- Last week, the New Jersey Transit Corp. (NJ Transit) Board of Directors unanimously approved a $1.56 billion contract for the construction of the new Portal North Bridge, a key link in the Northeast Corridor rail line stretching from Richmond to Boston, according to a press release from the governor's office. The contract was awarded to the joint venture composed of Skanska and Traylor Bros. of Evansville, Indiana.
- The long-awaited project will replace the 110-year-old swing bridge over New Jersey's Hackensack River with a 50-foot-high model that won't have to open and close to allow marine traffic through, the release said. The current bridge is infamous for regularly getting stuck in the open position and delaying NJ Transit and Amtrak commuters, which can have a ripple effect up and down the corridor.
- The new two-track span will be built next to the old bridge, and construction is expected to take five and a half years.
The railroad bridge is one of the busiest in the Western Hemisphere, and pre-pandemic, it was used by up to 200,000 people and 450 trains each day, the Washington Post reported. Nonetheless, it has also been an "enduring source of major service disruptions," according to the release. A 2019 analysis by the Northeast Corridor Commission found 85 days from 2014 to 2018 where infrastructure failures in the tunnel and on the Portal North Bridge caused more than five hours of passenger delays.
"Few infrastructure projects are as critical to the nation as replacing the aging Portal Bridge," said New Jersey Governor Phil Murphy in the release. "This award will not only bring a bridge that will resolve the long-standing bottlenecks plaguing New Jersey commuters, but will also create well-paying skilled labor jobs in the process."
The first track is slated to open in November 2025 and the last track could be put in service in July 2026, with full completion expected by 2027. The project will create 7,900 new full-time jobs in construction alone, according to NJ Transit spokesperson Mariluz Garcia-Diaz.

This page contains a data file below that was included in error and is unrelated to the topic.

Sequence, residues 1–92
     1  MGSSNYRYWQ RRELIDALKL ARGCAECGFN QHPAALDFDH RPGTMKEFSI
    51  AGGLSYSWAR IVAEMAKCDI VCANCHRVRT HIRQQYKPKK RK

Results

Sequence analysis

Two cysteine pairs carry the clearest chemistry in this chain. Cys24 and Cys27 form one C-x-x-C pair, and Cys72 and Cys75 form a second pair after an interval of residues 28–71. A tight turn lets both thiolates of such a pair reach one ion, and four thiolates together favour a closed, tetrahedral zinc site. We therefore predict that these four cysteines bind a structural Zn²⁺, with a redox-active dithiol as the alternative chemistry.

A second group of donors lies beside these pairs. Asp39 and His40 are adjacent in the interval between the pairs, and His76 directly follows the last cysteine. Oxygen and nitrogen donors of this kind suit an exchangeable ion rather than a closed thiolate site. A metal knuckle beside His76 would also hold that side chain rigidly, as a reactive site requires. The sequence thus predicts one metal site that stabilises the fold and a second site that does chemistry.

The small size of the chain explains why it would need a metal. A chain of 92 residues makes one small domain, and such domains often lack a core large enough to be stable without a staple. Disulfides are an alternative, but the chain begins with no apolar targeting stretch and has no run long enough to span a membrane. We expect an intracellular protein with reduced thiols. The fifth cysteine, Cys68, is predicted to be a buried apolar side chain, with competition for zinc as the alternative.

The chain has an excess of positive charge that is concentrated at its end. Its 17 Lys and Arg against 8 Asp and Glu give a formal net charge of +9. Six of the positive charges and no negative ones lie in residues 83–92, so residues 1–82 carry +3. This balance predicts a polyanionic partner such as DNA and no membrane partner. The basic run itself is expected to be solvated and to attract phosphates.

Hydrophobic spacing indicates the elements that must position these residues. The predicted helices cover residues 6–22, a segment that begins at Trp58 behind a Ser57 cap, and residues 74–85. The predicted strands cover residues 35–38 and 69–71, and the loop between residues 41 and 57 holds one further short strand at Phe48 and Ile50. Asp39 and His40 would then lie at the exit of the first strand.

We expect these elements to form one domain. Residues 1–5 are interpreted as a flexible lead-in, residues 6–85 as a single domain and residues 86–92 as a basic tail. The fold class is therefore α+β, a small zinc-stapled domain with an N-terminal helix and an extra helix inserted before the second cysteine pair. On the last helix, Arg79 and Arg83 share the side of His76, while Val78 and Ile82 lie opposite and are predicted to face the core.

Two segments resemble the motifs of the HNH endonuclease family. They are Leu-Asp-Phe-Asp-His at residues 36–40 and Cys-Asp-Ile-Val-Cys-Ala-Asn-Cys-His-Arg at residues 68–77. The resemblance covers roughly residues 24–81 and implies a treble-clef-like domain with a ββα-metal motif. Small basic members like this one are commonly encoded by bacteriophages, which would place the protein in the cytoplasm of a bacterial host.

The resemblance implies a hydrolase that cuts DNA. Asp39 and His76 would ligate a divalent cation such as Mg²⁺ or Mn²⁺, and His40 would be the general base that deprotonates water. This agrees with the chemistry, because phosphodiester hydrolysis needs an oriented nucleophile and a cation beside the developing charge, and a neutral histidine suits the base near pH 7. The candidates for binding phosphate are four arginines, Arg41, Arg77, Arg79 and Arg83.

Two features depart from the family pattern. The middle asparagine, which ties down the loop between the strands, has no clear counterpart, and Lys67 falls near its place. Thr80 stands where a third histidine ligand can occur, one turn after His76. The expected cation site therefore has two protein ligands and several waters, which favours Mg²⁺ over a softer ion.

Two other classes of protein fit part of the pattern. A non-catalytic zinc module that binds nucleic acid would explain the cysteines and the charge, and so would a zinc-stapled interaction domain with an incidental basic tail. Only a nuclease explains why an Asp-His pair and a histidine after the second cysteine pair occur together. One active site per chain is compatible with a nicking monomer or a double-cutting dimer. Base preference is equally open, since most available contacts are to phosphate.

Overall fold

The Federal Transit Administration, Federal Highway Administration, state of New Jersey and Amtrak are funding the project. NJ Transit will be the primary owner, and Amtrak will maintain it.
A critical project, long in the making
The Portal North Bridge project is part of the Gateway Program, a larger effort to double rail capacity between Newark, New Jersey, and New York City and improve the most congested 10-mile section of the Northeast Corridor. The series of Gateway projects also includes plans to create two new rail tunnels under the Hudson River and rehabilitate existing 110-year-old tunnels.
The bridge project spans 2.44 miles and includes construction of retaining walls, deep foundations, concrete piers, structural steel bridge spans, rail systems, demolition of the existing bridge and related incidental works, according to the release. The new bridge will allow trains to travel at 90 mph, which is 30 mph faster than the current limit.
As a result, NJ Transit officials believe it will accommodate 14.4% more passenger capacity during rush hours. In the release, NJ Transit CEO Kevin Corbett said the bridge is the largest project in the agency's history.
The bridge replacement was first slated to happen over a decade ago as part of the Access to the Region's Core (ARC) project, a similar effort to improve rail capacity at this choke point. Then in 2010, New Jersey Gov. Chris Christie killed it over concerns about cost overruns and to stave off a gas tax hike. Amtrak, NJ Transit and other local groups reconvened and created the Gateway Program, and Christie threw his support behind the new iteration in 2015 while running for president.
However, while ARC had federal funding, Gateway does not. In 2017 the Trump administration, which initially seemed supportive, walked away from what former President Barack Obama had called "the most important infrastructure project" in the U.S. Finally in January, the Portal Bridge portion of Gateway got federal funding under President Joe Biden, while the $11.6 billion Hudson River Tunnel remains in the environmental review stage.